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Day 7: Future of the No-Code / Low-Code Landscape

Day 7: Future of the No-Code / Low-Code Landscape

10 minutes

August 3, 2023

Hello again, and welcome back to our 30-day exploration into "Exploring the No-Code and Low-Code (NCLC) Landscape: A Founder's Unfiltered Insights!"

Today, I would like to take time to answer a great question posed by someone in the LinkedIn comments of the Day 5 post: "Exploring the No-Code and Low-Code Landscape (Part 2 of 3)."

This is a question I was hoping someone would ask, as it allows us to delve deeper into what truly constitutes NCLC and where this landscape is headed.

You can click the link above for the specific question, but let me summarize:

The comment was that the Landscape Listing I provided was inaccurate and suggested that I included products in the listing that should not be considered NCLC products.

This is a valid question, so let's dig into this topic by first discussing the three high-level categories of the products that were included in the listing: Point Solutions, No-Code Solutions, and Low-Code Solutions.

Categories Within the NCLC Space

By noting these categories, I hope to help you understand the multi-faceted nature of NCLC products, illustrating how they are rapidly evolving based on user demands.

From specialized point solutions embracing NCLC features to purpose-built NC and LC platforms that streamline development, these categories highlight the diversity and flexibility inherent in NCLC tools.

  • Point Solutions: I view “point solutions” as specialized products that have been built to address very specific market needs around a specific process. Although not traditionally considered NCLC products, many of these products now have feature sets that allow their data to be shared or synced between other third-party products.

    This feature set is gradually bringing them into no-code conversations. These remain distinct point solutions but now include a subset of no-code or even low-code capabilities.

Examples of products in this category include Salesforce, Hubspot, Intercom, Bamboo HR, Jira, Pipedrive, Figma, as well as products I included in the listing around podcasting, newsletters, online learning, public relations, social media, Video editing and more.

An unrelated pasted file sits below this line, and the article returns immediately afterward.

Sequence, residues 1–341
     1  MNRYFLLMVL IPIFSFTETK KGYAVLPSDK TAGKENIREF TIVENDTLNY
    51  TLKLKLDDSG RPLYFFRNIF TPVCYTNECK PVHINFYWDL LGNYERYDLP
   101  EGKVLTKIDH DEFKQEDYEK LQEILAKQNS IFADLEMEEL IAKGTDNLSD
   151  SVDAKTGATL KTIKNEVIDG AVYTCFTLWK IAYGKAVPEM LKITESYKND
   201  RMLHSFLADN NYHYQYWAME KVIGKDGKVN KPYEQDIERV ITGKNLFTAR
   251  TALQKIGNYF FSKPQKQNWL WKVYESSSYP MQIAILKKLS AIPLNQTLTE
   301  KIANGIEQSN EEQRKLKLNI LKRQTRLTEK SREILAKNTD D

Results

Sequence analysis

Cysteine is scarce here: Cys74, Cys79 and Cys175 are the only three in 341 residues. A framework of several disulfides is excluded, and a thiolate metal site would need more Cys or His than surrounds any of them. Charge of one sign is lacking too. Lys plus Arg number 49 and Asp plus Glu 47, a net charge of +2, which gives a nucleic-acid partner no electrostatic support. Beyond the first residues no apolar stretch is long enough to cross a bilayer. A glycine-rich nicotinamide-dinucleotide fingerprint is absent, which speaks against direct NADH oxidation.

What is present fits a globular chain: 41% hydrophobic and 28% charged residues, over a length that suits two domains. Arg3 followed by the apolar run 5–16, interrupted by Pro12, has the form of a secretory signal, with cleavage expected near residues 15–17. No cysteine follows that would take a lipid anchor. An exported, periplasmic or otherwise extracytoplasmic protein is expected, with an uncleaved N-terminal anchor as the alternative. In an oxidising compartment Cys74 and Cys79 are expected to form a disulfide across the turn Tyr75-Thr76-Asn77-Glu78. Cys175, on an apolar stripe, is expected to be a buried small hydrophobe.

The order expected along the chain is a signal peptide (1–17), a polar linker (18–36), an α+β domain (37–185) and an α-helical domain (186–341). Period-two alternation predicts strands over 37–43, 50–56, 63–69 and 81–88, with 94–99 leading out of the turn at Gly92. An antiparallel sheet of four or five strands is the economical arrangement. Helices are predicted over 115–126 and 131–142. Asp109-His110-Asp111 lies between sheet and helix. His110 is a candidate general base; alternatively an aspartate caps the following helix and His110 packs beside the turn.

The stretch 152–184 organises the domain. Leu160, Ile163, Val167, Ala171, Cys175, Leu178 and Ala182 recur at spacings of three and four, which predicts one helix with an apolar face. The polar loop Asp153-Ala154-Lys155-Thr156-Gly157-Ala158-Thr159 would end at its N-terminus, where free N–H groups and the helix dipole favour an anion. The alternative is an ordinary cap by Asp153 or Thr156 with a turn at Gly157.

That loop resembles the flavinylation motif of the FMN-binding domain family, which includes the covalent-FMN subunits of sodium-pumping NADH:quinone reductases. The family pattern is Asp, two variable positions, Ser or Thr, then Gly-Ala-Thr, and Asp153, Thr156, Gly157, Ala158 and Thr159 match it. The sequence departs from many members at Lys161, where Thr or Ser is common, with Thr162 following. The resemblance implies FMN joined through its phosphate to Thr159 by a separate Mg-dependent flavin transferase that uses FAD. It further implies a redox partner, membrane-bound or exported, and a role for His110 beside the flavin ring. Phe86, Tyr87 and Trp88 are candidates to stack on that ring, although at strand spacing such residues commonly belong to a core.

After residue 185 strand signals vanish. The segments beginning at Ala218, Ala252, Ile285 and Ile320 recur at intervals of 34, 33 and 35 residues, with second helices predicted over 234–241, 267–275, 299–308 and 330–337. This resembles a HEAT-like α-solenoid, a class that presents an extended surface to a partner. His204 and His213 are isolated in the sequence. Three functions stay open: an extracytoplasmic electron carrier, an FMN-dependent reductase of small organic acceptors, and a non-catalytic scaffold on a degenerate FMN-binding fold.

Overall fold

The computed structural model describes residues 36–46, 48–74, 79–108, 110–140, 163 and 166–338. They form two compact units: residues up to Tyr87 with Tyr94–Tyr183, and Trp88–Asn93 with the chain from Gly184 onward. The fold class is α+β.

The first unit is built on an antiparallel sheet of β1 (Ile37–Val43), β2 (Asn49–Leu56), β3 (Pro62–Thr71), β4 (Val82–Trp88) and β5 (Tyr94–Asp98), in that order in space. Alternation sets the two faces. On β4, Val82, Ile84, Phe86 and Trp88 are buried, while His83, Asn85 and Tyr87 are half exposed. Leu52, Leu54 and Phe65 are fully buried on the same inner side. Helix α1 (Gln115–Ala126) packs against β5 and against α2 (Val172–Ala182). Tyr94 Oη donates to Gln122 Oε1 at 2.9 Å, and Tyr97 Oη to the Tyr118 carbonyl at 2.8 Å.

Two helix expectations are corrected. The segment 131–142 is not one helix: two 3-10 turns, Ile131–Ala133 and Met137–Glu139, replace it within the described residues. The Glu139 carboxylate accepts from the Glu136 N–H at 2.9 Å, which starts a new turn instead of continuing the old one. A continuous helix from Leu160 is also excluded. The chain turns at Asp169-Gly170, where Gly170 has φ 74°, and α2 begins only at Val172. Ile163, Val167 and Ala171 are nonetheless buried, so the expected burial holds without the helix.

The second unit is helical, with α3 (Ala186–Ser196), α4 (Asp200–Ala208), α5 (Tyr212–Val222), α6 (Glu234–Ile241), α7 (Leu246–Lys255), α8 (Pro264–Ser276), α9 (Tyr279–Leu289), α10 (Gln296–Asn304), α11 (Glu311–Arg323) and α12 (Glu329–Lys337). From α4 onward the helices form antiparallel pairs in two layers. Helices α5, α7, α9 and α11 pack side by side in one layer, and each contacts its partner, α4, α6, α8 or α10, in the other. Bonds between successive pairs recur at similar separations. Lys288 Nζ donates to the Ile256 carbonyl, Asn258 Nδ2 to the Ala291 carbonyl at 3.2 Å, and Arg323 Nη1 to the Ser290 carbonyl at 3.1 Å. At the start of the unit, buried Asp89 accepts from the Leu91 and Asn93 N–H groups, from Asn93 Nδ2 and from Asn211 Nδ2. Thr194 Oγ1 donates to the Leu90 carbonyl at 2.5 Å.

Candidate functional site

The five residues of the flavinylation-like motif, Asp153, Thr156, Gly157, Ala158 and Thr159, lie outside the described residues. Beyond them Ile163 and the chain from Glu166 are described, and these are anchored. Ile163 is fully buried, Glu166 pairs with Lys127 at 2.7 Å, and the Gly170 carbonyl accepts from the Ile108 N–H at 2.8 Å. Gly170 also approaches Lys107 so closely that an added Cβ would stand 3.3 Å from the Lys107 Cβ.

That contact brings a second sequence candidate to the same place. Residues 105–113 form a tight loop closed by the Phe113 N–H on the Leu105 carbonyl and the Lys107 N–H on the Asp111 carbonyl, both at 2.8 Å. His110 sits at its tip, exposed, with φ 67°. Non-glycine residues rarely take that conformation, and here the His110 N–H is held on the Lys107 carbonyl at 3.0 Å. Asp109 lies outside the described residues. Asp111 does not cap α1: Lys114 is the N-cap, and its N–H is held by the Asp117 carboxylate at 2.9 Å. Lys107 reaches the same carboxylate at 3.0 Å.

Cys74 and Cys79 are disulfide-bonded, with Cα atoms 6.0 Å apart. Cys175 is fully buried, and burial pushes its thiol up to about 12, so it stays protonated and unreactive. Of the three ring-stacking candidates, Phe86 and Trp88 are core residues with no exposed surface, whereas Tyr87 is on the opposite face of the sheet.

• No-Code Products: These are purpose-built platforms that generally enable users to create dynamic workflows, apps, websites, forms, portals, and integrations - without writing code.

    What is interesting about this category is that we are seeing traditional no-code products adding low-code elements that cross into the traditional low-code category. An example of this would be the ability to use scripting to perform actions within a workflow.

    The result is that newer no-code platforms are really 90% no-code and 10% low-code.

Examples of products in this category include SmartSuite, Make, Zapier, Webflow, Noloco, Softr, Fillout, Knack, Airtable, Monday, and more.

  • Low-Code Products: These are purpose-built platforms that also allow for creating dynamic workflows, apps, websites, forms, portals, and integrations - however, coding skills and a higher technical understanding are required in most cases.

    What is interesting here is that we are seeing many low-code products are also focused on finding ways to allow users to perform actions using drag-and-drop capabilities that do not require coding skills.

    The result is that many of these platforms are really 90% low-code and 10% no-code.

Examples of products in this category include Bubble, Glide, Pegasystems, Betty Blocks, Flutterflow, and more.

Future of the NCLC Landscape

1. Traditional Point Solutions Are Changing

The trend toward integrating no-code capabilities into traditional point solutions signals a shift in market expectations. I believe that not only will most new point solutions likely include no-code elements, but they may evolve into industry-specific no-code platforms, reflecting the demand for customization rather than one-size-fits-all solutions.

2. Rise of Pure No-Code Products:

The clear demarcation between No-Code and Low-Code is blurring as products evolve to encompass features from both spectrums. However, we may also witness a resurgence in the development of pure no-code products that focus solely on enabling citizen developers and non-technical users to harness technology without any coding involvement. This resurgence could be a response to the growing recognition of the distinct value that pure no-code offers, especially in terms of accessibility and simplicity.


The dynamics within the NCLC space are evolving. As point solutions adopt NCLC features, no-code platforms incorporate low-code elements, and low-code platforms embrace no-code functionalities, the lines between these categories are becoming blurred.

The convergence of these categories represents not merely a trend but a fundamental shift in how technology is developed and utilized.